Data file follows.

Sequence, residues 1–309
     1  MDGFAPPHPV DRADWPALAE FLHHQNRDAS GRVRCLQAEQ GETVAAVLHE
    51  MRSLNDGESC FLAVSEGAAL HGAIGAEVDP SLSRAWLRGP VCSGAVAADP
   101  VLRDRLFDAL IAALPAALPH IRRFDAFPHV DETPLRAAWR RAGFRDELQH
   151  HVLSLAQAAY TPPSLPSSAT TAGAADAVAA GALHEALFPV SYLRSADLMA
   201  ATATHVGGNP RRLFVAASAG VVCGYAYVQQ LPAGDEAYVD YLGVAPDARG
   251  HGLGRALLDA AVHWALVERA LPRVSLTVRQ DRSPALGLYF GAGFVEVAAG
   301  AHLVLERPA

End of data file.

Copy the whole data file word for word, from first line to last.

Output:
Sequence, residues 1–309
     1  MDGFAPPHPV DRADWPALAE FLHHQNRDAS GRVRCLQAEQ GETVAAVLHE
    51  MRSLNDGESC FLAVSEGAAL HGAIGAEVDP SLSRAWLRGP VCSGAVAADP
   101  VLRDRLFDAL IAALPAALPH IRRFDAFPHV DETPLRAAWR RAGFRDELQH
   151  HVLSLAQAAY TPPSLPSSAT TAGAADAVAA GALHEALFPV SYLRSADLMA
   201  ATATHVGGNP RRLFVAASAG VVCGYAYVQQ LPAGDEAYVD YLGVAPDARG
   251  HGLGRALLDA AVHWALVERA LPRVSLTVRQ DRSPALGLYF GAGFVEVAAG
   301  AHLVLERPA